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Enquiry from Online Galleries regarding "Antique Victorian Walnut Marquetry Pier Cabinet c.1860"
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Look at what I found on the Online Galleries website!
The pair of doors have fabulous shaped oval floral marquetry panels and the cabinet is further embellished on the frieze and the door surrounds with exquisite Tunbridgeware and beautiful ormolu mounts. The doors open to reveal an interior with a central shelf lined in it's original burgundy velvet.
This stunning antique Victorian cabinet is a true rarity because of its fabulous quality and condition.
One cannot overstate the truly unique opportunity owning such a cabinet.
In excellent condition having been beautifully restored in our workshops, please see photos for confirmation.
Dimensions in cm:
Height 100 x Width 124 x Depth 38
Dimensions in inches:
Height 3 feet, 3 inches x Width 4 feet, 1 inch x Depth 1 foot, 3 inches
Burr Walnut refers to the swirling figure present in nearly all walnut when cut and polished, and especially in the wood taken from the base of the tree where it joins the roots.
However the true burr is a rare growth on the tree where hundreds of tiny branches have started to grow. Burr walnut produce some of the most complex and beautiful figuring you can find.
is a form of decoratively inlaid woodwork typically in the form of boxes, that is characteristic of Tunbridge and the spa town of Tunbridge Wells in Kent, England, in the 18th and 19th centuries. The decoration typically consists of a mosaic of many very small pieces of different coloured woods that form a pictorial vignette. Shaped rods and slivers of wood were first carefully glued together, then cut into many thin slices of identical pictorial veneer with a fine saw. Elaborately striped and feathered bandings for framing were pre-formed in a similar fashion.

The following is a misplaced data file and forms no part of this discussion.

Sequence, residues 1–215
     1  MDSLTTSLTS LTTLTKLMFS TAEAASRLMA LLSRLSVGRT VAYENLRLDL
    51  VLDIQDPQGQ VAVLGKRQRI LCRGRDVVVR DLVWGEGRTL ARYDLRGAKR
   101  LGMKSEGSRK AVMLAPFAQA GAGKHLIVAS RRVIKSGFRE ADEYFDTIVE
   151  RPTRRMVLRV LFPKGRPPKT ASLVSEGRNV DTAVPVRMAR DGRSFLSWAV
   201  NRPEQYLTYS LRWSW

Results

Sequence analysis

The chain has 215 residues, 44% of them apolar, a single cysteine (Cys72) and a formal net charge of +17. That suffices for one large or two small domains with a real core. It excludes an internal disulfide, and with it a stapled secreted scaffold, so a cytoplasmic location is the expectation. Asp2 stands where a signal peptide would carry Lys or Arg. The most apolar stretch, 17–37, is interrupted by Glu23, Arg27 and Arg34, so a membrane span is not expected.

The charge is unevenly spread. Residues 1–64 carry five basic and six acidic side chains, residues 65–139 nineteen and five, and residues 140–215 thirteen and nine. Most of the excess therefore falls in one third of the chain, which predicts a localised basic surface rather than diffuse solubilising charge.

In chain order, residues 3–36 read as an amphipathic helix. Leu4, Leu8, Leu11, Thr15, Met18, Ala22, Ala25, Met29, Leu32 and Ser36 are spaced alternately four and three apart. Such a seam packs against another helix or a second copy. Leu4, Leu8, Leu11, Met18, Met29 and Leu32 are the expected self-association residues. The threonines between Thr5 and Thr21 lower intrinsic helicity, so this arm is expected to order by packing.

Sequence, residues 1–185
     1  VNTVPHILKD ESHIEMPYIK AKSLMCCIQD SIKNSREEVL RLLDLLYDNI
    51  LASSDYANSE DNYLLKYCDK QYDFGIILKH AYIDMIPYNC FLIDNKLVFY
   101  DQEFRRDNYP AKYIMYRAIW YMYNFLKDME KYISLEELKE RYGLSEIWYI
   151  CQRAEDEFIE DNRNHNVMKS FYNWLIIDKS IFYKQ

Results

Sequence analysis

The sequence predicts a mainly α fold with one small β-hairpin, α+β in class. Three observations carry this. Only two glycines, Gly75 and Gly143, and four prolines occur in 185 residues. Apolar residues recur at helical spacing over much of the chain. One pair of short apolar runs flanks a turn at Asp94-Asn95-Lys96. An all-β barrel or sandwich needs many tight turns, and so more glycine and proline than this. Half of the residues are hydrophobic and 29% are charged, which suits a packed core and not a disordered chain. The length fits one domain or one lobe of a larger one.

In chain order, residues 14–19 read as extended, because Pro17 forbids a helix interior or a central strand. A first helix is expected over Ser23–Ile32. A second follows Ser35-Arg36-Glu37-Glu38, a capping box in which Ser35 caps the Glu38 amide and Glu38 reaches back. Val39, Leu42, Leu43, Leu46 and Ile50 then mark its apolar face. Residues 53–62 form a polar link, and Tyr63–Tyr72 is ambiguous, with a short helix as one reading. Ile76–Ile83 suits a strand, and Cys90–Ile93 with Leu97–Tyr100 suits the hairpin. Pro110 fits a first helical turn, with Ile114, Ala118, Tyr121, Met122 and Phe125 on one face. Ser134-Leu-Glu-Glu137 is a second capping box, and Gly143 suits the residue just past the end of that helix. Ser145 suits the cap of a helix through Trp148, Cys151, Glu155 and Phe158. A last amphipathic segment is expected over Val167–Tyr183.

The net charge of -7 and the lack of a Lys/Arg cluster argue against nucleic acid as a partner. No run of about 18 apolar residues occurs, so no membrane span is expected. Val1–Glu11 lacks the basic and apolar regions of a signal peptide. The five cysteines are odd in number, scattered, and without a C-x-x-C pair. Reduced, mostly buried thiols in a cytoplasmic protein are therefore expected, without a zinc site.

There is a collection of Tunbridge ware in the Tunbridge Wells Museum and Art Gallery in Tunbridge Wells
Marquetry is decorative artistry where pieces of material (such as wood, mother of pearl, pewter, brass silver or shell) of different colors are inserted into surface wood veneer to form intricate patterns such as scrolls or flowers.
Ormolu (from French 'or moulu', signifying ground or pounded gold) is an 18th-century English term for applying finely ground, high-carat gold in a mercury amalgam to an object of bronze.The mercury is driven off in a kiln leaving behind a gold-coloured veneer known as 'gilt bronze'.
The manufacture of true ormolu employs a process known as mercury-gilding or fire-gilding, in which a solution of nitrate of mercury is applied to a piece of copper, brass, or bronze, followed by the application of an amalgam of gold and mercury. The item was then exposed to extreme heat until the mercury burned off and the gold remained, adhered to the metal object.
No true ormolu was produced in France after around 1830 because legislation had outlawed the use of mercury. Therefore, other techniques were used instead but nothing surpasses the original mercury-firing ormolu method for sheer beauty and richness of colour. Electroplating is the most common modern technique. Ormolu techniques are essentially the same as those used on silver, to produce silver-gilt (also known as vermeil).
Our reference: 06766
318 Green Lanes